PICK: Missouri +3.5
San Jose State @ Southern Utah
SJSU is massive across the board (second-biggest team in the country), but they have zero cohesion with those long pieces, something new HC Jean Prioleau is certainly still working on after being hired late in the summer. SUU, meanwhile, is a grip it and rip it team, looking to run off the glass whenever possible and attack the rim in transition, particularly with Jamal Aytes inside and Jadon Cohee off the dribble, who looks like this year’s Randy Onwuasor.
PICK: SUU +1
Xavier @ Wisconsin
How does Xavier slow down Ethan Happ? How does Wisconsin slow down Trevon Bluiett? Ultimately, I think Xavier has more answers between Tyrique Jones and Sean O’Mara in terms of pure bodies to put on Happ, plus Chris Mack is a master of shifting zones defenses, which of course includes the 1-3-1 with serial instigator J.P. Macura at the top. XU’s lethal transition game will be limited against the Badgers, who eschew the offensive glass in order to prevent run outs, so halfcourt execution will be of the utmost importance for the Muskies for the first time this year. (They were able to run at will against Morehead State and Rider.) XU might look a bit wonky to begin, but ultimately Bluiett shows why he’s the best player on the floor, and the excellent Muskie ball movement has been somewhat overlooked in the barrage of offensive numbers they’ve put up early.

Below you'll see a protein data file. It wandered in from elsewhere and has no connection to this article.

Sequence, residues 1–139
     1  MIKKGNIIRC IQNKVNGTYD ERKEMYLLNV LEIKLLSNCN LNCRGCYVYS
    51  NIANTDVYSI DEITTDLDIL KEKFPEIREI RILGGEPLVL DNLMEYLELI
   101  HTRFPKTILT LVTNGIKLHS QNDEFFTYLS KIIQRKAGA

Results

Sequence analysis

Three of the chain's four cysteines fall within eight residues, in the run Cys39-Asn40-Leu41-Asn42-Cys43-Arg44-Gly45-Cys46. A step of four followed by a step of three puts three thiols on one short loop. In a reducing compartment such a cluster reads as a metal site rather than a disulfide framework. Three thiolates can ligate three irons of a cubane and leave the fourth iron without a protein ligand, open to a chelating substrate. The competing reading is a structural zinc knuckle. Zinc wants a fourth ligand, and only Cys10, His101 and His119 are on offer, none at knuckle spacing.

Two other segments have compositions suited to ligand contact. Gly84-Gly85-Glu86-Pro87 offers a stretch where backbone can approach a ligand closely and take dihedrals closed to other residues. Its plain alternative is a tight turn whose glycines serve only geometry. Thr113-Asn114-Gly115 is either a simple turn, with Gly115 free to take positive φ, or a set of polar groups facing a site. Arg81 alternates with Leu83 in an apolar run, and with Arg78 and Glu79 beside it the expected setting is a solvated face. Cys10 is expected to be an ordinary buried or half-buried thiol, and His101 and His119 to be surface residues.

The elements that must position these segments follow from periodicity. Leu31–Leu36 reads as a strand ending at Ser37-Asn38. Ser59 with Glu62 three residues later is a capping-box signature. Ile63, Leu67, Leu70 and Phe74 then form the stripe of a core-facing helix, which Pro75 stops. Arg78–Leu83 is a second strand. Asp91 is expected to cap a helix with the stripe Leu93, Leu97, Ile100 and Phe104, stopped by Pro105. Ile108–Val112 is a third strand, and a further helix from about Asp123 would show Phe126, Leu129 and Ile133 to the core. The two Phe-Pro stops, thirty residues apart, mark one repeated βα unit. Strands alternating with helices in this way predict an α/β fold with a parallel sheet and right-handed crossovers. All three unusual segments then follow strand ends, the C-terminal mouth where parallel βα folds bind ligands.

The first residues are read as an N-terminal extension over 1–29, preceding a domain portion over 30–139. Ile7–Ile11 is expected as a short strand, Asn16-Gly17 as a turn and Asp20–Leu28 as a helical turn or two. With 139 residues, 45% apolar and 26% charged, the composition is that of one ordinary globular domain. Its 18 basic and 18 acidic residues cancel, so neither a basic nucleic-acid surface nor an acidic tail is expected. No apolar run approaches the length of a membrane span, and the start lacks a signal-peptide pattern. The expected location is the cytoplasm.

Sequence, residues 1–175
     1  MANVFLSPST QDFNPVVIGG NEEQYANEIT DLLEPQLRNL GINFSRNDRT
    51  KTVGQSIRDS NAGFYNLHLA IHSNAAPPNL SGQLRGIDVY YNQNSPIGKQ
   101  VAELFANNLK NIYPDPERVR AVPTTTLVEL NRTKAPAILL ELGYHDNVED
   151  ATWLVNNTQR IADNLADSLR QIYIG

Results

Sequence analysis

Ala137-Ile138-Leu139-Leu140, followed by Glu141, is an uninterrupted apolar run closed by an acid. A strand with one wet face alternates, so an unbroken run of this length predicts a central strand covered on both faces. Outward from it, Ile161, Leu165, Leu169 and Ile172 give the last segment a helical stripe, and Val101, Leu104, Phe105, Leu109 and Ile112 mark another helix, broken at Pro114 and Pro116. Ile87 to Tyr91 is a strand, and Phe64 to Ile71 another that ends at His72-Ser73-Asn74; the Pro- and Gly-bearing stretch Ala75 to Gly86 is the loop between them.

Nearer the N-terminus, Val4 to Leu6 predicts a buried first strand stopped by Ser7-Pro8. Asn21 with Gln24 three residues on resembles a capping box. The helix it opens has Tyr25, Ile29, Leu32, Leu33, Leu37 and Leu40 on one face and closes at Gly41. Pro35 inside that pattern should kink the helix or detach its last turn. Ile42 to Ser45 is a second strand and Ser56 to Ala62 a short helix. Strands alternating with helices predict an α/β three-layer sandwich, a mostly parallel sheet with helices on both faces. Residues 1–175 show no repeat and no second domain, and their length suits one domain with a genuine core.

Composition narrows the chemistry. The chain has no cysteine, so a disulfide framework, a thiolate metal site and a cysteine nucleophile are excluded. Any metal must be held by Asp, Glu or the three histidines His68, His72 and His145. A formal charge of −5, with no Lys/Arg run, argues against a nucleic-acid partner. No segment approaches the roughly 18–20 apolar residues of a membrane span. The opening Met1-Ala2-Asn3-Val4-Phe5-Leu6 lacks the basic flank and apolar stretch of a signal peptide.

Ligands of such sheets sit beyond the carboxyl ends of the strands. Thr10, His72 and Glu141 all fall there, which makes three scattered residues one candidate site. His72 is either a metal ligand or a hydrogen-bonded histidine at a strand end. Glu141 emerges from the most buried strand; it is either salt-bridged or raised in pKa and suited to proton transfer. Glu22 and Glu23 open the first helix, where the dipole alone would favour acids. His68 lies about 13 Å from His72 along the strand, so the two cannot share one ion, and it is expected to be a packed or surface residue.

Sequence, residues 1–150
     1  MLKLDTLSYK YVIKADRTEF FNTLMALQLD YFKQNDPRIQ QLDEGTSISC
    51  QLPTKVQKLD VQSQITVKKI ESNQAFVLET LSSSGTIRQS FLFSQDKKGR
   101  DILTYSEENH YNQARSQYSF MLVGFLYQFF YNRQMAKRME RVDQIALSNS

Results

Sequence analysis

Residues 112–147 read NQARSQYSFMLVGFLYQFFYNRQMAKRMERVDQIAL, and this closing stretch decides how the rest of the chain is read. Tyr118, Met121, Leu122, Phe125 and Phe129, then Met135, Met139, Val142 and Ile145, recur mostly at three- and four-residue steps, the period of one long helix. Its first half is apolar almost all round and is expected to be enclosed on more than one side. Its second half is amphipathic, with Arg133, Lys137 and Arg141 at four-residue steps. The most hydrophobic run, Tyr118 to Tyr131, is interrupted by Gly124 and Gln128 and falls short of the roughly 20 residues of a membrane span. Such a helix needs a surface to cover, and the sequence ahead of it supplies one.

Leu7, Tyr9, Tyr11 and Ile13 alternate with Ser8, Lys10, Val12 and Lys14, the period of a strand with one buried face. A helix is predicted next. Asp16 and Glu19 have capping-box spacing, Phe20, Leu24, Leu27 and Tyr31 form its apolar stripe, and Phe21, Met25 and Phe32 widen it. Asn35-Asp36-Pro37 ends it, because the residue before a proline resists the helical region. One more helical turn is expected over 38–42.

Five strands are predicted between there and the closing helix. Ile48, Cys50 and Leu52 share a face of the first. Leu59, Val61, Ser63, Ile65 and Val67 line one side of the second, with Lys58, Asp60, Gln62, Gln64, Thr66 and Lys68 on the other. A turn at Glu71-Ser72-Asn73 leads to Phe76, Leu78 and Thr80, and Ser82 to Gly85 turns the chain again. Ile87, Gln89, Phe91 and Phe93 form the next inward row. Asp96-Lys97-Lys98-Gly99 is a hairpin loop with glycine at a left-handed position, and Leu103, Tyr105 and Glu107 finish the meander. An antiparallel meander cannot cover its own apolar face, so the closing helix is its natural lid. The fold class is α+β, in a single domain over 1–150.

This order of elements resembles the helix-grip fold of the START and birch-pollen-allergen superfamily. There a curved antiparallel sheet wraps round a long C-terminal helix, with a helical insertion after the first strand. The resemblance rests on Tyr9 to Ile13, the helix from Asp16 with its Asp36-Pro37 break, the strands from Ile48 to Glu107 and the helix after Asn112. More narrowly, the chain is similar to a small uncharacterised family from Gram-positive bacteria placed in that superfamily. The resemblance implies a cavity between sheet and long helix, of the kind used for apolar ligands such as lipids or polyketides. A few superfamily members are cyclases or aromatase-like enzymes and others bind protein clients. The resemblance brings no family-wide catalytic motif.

PICK: Xavier +3.5
Wofford @ Cal
Rough start to the Wyking Jones era in Berkley. Cal has been blitzed from the perimeter, atypical of a Cuonzo Martin inspired defense, and Wofford can certainly shoot the ball with Fletcher Magee, but Kingsley Okoroh and Marcus Lee woke up in the post against Cal Poly, and Wofford is particularly weak at the rim defensively. That said, junior gunner Don Coleman could continue to take shots at one of the highest rates in the country and totally negate that advantage.
PICK: Cal -5.5
Providence vs. Washington
PC’s frontcourt was round-housed to the jaw by Jordan Murphy and Reggie Lynch the other night, and UW’s Noah Dickerson is coming off a ho-hum 28 and 22 performance against EWU. It was clear how important Emmitt Holt was to the Friars in that Minnesota loss. Mike Hopkins has the athleticism for his 2-3 zone, but it’s going to take some adjusting and tinkering, which leaves them vulnerable defensively at the moment, and PC’s ball movement is outstanding against the length of the Huskies.
PICK: Providence -8.5
CSUB @ Arizona
Not a whole lot to like about CSUB here. Rod Barnes’ pressure was just thoroughly picked apart by Georgia Southern’s lethal backcourt to the tune of 1.17 points per possession, and the Runners only forced a 12 percent turnover rate, nearly half of what they generated last year. Point guard Brent Wrapp doesn’t look 100 percent yet after a knee/foot problems in the offseason. Meanwhile, Allonzo Trier looks unguardable, and DeAndre Ayton is just a matchup nightmare.
PICK: Arizona -24.5